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Close up of ear candles that don't work to clean ear wax.

There’s a persistent belief in some groups that a practice called “ear candling” is a good way to minimize your earwax. Is ear candling effective and what is it?

Do Earwax Candles Work?

Spoiler alert: No. They definitely don’t work.

Why then, does this piece of pseudo-science keep finding its way into the heads of otherwise logical people? That’s a hard question to answer. But although the sensible choice is pretty obvious, knowing more about the dangers of earwax candling will help us make an educated choice.

Earwax Candling, What is it?

So the basic setup goes like this: Maybe you have too much earwax and you’re not really sure how to eliminate it. You’ve read that it’s dangerous to use cotton swabs to clear your earwax out. So you begin looking for an alternative and come across this approach called earwax candling.

Earwax candling supposedly works as follows: You generate a pressure differential by cramming the candle into your ear, wick side out. This pressure difference then sucks the wax out. Any wax that might be clogged up in your ear can, theoretically, be pulled out by this amount of pressure. But this dangerous technique is not a good way to clean your ears.

Why Doesn’t Ear Candling Work?

There are a number of problems with this practice, like the fact that the physics simply don’t work. There’s just no way for a candle to create that kind of pressure differential (and in order to move earwax around, that pressure differential would have to be pretty substantial indeed). Second, creating that type of pressure difference would call for some type of seal, which doesn’t happen during candling.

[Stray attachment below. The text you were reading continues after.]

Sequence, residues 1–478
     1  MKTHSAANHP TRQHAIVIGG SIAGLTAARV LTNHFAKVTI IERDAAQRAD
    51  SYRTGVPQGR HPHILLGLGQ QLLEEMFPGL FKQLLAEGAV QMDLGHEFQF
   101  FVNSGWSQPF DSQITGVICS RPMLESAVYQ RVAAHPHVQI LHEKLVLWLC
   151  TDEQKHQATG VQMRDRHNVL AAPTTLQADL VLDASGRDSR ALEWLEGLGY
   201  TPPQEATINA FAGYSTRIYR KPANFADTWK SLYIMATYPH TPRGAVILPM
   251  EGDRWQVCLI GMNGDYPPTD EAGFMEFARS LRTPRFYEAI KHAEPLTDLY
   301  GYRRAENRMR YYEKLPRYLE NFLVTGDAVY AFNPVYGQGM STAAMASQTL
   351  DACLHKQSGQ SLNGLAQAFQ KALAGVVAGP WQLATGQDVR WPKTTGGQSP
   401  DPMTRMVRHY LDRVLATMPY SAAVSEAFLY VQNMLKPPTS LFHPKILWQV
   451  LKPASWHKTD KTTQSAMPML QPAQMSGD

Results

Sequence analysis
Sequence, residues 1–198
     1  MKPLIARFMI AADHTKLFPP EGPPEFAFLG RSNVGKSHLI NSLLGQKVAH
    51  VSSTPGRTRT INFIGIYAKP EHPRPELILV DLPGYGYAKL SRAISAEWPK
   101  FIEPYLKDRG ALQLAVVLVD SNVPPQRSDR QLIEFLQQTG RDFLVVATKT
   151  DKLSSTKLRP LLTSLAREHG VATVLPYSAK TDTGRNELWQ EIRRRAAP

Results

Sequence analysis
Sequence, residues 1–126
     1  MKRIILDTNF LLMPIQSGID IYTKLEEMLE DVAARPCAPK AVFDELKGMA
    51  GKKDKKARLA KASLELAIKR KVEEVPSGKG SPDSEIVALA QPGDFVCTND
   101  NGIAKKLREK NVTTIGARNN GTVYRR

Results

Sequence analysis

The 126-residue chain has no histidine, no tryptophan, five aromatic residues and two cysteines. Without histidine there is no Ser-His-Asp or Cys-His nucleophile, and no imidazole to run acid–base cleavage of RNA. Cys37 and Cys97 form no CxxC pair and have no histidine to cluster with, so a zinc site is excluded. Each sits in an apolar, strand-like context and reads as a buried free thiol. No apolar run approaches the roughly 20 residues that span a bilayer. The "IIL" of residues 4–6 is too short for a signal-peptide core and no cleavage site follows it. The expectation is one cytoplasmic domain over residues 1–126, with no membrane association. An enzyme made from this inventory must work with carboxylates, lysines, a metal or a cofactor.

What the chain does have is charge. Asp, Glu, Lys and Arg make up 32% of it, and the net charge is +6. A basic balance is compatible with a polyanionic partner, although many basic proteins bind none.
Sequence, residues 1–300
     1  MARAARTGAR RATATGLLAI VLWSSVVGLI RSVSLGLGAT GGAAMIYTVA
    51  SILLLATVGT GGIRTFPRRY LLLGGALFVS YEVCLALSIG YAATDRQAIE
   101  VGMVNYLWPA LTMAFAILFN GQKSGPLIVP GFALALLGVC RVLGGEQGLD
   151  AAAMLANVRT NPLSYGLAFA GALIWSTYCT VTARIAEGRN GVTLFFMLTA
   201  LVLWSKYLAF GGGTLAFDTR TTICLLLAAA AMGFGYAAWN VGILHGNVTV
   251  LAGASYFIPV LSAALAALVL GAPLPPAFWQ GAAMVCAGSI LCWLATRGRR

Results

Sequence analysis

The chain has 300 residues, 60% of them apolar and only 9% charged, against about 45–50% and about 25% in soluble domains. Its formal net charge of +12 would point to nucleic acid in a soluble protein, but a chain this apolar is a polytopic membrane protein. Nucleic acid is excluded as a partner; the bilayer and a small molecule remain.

Now, the candles used in these “treatments” are supposedly special. All of the wax that was in your ear can be found within the hollow portion of the candle which can be broken apart when you’re finished with your 15 minutes of ear candling. But the problem is you can find this same material in new unburned candles as well. So the entire procedure amounts to fraud.

Earwax candling hasn’t been proven by science to have any benefit whatsoever.

So Earwax Candling Doesn’t Work, But is it Safe?

What’s the danger in giving it a shot, right? Well, you’re asking for trouble whenever you get a hot candle near your ears. Look, it’s very possible that you could try ear candling and leave completely unharmed. People do it regularly. But that doesn’t imply there aren’t hazards involved, and it definitely doesn’t mean that ear candling is safe.

The negative impacts of ear candling can include:

  • Whenever you’re messing around with an open flame, there’s a potential that you may trigger significant damage and put your life in danger. Seriously, you could burn your house down. It’s not worth the risk to try this ineffective technique of wax elimination.
  • Once the wax cools it can block your ear canal. This can cause temporary hearing loss or, in the most severe cases, require surgery.
  • Significant burns to your inner ear. When melted candle wax goes into your ear, it can cause extreme hearing problems and burns. In the most severe cases, this could permanently jeopardize your hearing.

You Don’t Require a Candle to Keep Your Ears Clean

In the majority of circumstances you will never even have to worry about cleaning earwax out. That’s because the human ear is basically a self cleaning system. But you could be one of those people who have an uncommonly heavy earwax production.

If you do need to clean your ears out due to excessive wax, there are scientifically-proven (and reliable) means to do that safely. For example, you could get a fluid wash. Another solution would be to see a hearing care specialist for an earwax cleaning.

Cotton swabs are definitely a no-no. And open flames are not ok either. Earwax candling doesn’t work, and it can create dangers that will put your comfort and your hearing in significant danger. So perhaps it’s time to put away those special candles

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